Brendan Fraser: That's right! It was made possible, because, in my view, Terry provided...We got behind the velvet cord access to towns, places, and resources, and locations, you know...That's not easy when you have cops played by extras who are toting rubber sub-machine guns in surplus PSNI Police vehicles, heavy armored vehicles, which, until only recently, was a common, every day occurrence, that seemed common place...Now, that brings some attention that you might not necessarily want. But the reality is, its make believe. We are making a film. Explaining that to the locals may have been puzzling to them, if not at all out right unusual...Maybe not unusual, but not the right time for this to happen...
As early as the mid-2000's, you couldn't really even travel into Belfast too much, let alone shoot a movie there...
Brendan Fraser: I don't know that for a fact, but I do know that it was unsafe. The hotel we stayed in had been bombed a record number of times. Something like ten, or eight...I don't know for sure. The Europa Hotel, go ahead and look it up, it's famous for it.
I've actually been in that hotel...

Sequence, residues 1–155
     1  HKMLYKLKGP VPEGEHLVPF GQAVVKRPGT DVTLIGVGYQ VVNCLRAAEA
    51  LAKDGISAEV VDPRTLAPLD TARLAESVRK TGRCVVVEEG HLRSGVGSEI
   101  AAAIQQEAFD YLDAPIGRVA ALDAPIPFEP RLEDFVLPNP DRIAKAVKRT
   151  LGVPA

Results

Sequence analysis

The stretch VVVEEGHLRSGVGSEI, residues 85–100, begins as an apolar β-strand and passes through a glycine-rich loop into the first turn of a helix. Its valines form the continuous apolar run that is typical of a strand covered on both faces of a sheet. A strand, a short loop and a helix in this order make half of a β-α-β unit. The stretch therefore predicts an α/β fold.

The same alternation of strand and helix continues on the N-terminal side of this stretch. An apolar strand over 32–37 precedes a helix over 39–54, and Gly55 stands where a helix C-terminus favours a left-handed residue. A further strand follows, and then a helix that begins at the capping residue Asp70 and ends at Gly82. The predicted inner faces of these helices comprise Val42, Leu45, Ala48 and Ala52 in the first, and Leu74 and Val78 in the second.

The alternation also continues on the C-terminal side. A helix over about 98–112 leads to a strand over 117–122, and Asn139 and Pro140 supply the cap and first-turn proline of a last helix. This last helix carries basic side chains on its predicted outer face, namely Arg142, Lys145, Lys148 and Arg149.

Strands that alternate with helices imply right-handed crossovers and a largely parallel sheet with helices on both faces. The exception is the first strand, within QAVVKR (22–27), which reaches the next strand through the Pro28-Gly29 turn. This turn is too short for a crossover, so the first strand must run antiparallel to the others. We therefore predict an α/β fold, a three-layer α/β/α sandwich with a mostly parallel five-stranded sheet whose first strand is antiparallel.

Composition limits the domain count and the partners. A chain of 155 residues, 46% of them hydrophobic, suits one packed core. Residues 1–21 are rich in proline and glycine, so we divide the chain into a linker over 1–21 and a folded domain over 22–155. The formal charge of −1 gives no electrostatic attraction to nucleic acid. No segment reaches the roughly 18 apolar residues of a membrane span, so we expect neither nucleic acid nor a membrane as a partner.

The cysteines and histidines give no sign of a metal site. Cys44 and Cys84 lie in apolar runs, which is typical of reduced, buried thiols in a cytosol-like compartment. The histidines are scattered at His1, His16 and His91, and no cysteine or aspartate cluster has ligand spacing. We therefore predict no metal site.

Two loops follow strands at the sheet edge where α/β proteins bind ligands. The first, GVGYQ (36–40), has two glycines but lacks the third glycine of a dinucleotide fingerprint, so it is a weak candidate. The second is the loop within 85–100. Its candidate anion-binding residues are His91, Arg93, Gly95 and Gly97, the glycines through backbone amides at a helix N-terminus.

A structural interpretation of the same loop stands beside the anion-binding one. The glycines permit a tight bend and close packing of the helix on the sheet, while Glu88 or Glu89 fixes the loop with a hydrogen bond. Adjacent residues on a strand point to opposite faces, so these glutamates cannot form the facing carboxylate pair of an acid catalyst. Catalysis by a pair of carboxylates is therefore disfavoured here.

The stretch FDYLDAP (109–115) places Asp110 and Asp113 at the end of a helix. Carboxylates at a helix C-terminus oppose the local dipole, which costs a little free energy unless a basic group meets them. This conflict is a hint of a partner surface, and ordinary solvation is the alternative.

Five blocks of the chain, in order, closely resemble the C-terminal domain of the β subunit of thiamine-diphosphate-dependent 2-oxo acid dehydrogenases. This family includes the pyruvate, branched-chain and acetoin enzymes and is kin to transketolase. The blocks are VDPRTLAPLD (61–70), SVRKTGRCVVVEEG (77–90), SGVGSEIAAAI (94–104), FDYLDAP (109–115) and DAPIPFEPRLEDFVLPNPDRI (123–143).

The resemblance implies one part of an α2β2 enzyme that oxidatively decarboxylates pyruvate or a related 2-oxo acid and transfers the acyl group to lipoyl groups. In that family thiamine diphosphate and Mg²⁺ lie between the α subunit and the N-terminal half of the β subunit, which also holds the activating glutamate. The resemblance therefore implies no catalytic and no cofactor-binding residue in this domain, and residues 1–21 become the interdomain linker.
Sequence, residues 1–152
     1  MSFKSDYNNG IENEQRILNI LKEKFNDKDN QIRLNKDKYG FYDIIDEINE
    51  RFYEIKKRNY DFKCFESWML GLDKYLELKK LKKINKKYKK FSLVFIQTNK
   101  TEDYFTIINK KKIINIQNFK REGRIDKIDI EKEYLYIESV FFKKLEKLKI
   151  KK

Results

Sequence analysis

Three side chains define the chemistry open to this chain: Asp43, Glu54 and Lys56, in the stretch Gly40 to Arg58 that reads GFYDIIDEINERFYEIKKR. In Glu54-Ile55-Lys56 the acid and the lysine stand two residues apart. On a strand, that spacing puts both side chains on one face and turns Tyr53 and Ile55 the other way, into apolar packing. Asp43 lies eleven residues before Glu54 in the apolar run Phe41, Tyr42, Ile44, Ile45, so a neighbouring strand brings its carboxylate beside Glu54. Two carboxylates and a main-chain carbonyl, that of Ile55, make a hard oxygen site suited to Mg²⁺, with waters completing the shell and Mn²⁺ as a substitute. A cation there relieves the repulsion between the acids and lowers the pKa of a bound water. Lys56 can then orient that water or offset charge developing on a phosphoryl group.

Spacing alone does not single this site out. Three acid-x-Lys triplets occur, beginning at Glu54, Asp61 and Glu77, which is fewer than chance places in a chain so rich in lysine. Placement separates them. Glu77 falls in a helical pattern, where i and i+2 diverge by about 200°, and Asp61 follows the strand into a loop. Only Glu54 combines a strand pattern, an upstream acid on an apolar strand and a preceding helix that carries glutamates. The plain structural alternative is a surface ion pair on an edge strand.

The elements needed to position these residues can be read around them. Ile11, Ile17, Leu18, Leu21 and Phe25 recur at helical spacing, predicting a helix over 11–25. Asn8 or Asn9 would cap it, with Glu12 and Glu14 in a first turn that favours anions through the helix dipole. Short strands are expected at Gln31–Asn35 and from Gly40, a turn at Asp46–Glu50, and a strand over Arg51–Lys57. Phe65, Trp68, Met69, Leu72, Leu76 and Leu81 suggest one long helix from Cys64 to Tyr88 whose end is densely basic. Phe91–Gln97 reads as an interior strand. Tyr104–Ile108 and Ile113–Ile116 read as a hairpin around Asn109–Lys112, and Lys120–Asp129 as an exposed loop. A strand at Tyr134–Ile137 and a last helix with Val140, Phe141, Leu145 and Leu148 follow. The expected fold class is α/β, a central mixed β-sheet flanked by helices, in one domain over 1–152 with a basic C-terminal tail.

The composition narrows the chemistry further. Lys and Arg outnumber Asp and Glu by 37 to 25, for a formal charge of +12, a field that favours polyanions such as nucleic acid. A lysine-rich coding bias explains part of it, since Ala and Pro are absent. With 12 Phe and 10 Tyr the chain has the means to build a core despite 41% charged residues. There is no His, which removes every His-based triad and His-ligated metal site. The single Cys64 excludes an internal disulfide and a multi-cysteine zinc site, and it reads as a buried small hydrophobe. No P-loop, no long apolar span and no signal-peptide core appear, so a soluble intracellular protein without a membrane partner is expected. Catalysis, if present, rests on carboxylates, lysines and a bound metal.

Brendan Fraser: Well, then, you've seen the pictures on the wall (laughs). It's an interesting place. In learning about the history, it's quite unique. The movie is a love letter to Belfast. It's a town that's...It is becoming cosmopolitan. It is reinventing itself. It does acknowledge the troubles. It knows there is a way forward. Not through violence, but through a peace accord. An open dialogue. I think that will begin to resolve our differences. That is easily said, but now try doing it. Straight up, the day I arrived...It was the year that we shot it...I awoke in the hotel, and I turned on the news. The local news, of course, and was so sad to see that a young man had turned the ignition in his car and was annihilated when it exploded. He was an off-duty policeman. Responsibility was later being claimed by certain individuals who claimed allegiance to the real IRA, though they were denounced. And absolutely discredited as that, not having anything to do with the policy makers wishes. Whatsoever. It was a horrible, heinous act of murder. And it could have potentially opened so many wounds. So quickly, violence could have erupted to horrible proportions. I'll be honest with you, I felt anxious in a way, "Where am I? Where am I now?" Oh, boy. I didn't know if you could travel too safely any longer. But, the world changes so rapidly, as we all know. I was very sad for that event, and for that family. But I was also emboldened, and I felt encouraged, and I felt that something good was made out of poison, when I saw that very afternoon, at the site of this horrible event, that the political leaders stood on the site, they all linked arms, and they said, "This is not the way forward. We condemn this. We are better than this. We have this accord for a reason, and we will not be intimidated." And, it fueled the reason why I wanted to be a part of this movie. I was, of course...Making movies, traveling around the world, seeing remarkable places for a short while, seeing things that you maybe wouldn't ever see otherwise, getting to book a ticket to a place like Belfast with a defacto tour guide that is Terry George...Let's not forget his accomplishments, and I am sure you are aware of them...He has worked with so many great actors, and last year he won the best short film Oscar for a family story, The Shore. He shot that in his backyard. The shore literary comes up to his back yard. And that became a frequent getaway spot for this cast and crew on the weekends. Bonfires and oysters. I felt privileged. I also felt like, I was offered this, I participated, I helped bring it into reality by supporting it and assuming the moniker of executive producer. This is something I felt was worthy of being created. In the climate we live in now, in terms of filmmaking, it's that they are all challenging to make. Let's not kid each other. Its not about budget and size, its about retaining material issues. That they do get done? I am convinced more and more it's because of the people that want to get it done. Either you want to be there or you don't. The film won't get made unless you really care about it. As the outsider, as the token American in this movie, which was shot under the title 'A Whole Lot of Sole' there was no lack of it, I promise you...There was no lack of it whatsoever. When I say sole, that's not just a piece of fish. (Laughs)